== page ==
Another DCF example: A pension fund has extremely long term liabilities. A cash flow of - let's pick - 50 years ahead, is no exception, but only accounts for about 14% of its cash flow in the discounted liabilities of the pension fund (abstracting from mortality and assuming a discount rate of 4%), and is therefore implicit considered (rated) less Important compared to more recent cash flows. Because there's no real or substantial market for long term cash flow pension obligations, r is even harder to define. Increasing r for this risk is like putting the cart before the horse: The UnImportance effect will increase. For internal valuation r should be decreased instead of increased, but how.....?

I-View 3: Short term Ruin Probability Nonsense
A third effect is that a 0.5% yearly ruin probability sounds safe, but nevertheless compounds up to a risk of 14% over a period of 30 years and even more on the long term.
Years Cum.Ruin Risk
1 0.5%
10 4.9%
20 9.5%
30 14.0%
40 18.2%
50 22.2%
60 26.0%
70 29.6%
80 33.0%
90 36.3%
100 39.4%
FCLTOS, Financial Companies with Long Term Obligations, like banks, insurance companies or pension funds are by definition companies that have to stay ruin proof on the long term. Managing these kind of companies on short term ruin and certainty models is completely nonsense.

However, there's nothing much FCLTOS can do about it. A long-term certainty level of 99.5% (0.5% ruin risk) over a period of 40 years would imply a yearly certainty level of 99.9875% (0.0125% ruin risk). Even if it would be possible to minimize the technical risks to such a low level, it would be overshadowed by unquantifiable external outside risks (e.g. nature disasters). Anyhow, government regulators should define a target with regard to an appropriate choice of a long-term certainty level and should distinguish between short term and long term certainty in their models.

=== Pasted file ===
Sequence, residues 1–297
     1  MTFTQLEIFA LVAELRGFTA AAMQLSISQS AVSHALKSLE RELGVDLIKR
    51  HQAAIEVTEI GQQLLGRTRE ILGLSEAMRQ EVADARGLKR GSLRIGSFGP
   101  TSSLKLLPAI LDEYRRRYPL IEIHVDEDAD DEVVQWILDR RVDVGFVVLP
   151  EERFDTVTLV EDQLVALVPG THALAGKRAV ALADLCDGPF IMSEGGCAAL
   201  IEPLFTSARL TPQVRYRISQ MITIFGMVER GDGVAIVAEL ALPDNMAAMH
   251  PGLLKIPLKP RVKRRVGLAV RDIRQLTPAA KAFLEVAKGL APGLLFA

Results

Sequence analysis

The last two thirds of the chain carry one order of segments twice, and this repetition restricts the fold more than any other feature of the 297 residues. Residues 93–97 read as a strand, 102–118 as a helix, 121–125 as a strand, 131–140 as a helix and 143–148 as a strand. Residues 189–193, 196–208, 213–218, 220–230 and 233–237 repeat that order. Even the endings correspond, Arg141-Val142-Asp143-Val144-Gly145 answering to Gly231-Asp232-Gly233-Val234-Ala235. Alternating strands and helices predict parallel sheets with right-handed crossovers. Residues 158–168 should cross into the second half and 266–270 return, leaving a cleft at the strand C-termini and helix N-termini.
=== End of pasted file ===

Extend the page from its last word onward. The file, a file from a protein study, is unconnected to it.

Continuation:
These examples illustrate that the management FCLTOS, giving these DCF-like methods, do not have another choice than to focus on the near future (5-10 years) and - by method - are not obliged and therefore also not will focus on the long term effects.

Managing FCLTOS, is like navigating an oil tanker from A to B between the ice floes. You have to avoid the short term (nearby)
risks (the ice floes) while at the same time keep sight and hold direction on your long term target (port B) in order to succeed.

Translated to a pension fund: manage your liquidity on the short term and your solvency and coverage-ratio on the long term. Any captain of an oil tanker would certainly be discharged immediately when he would make a dangerous change in course today to avoid an actual clear, but in the future certainly changing (moving targets) ice floe situation 50 km ahead. Yet, government regulators and supervisors are forcing pension fund 'captains' to undertake such ridiculous actions.

Steering on short term recovery plans , publishing and publicly discussing coverage-ratios and finally 'valuing pension funds' solely on market value (given that the market for extreme {> 30 years} long term assets and liabilities is extremely 'thin' and volatile), is therefore dangerous and apparently wrong (nonsense) and leads to discounted crash situations.

But there's more that contributes to discounted crash management......

One off negative cash flow in the future
Let's compare two (almost) equal cash flows, CFa and CFb:
- CFa: 30 year constant cash flow of yearly $1,
- CFb: like CFa, but in year 25 a one off negative cash flow : -$1

Although a negative cash flow of $1 in year 25 will probably ruin the activities an cash flows in later years, the NPV of the two cash flows only differ slightly and the calculated IRR of CFb (9.76%) is also just slightly lower than the IRR of CFa (10%).

One might argue that because CFb is obviously a more risky cash flow, the adjusted r has to be raised. This is true, but nevertheless intensifies the so called UnImportant-effect: the relative weight of the 'year 25 cash flow' in the NPV decreases.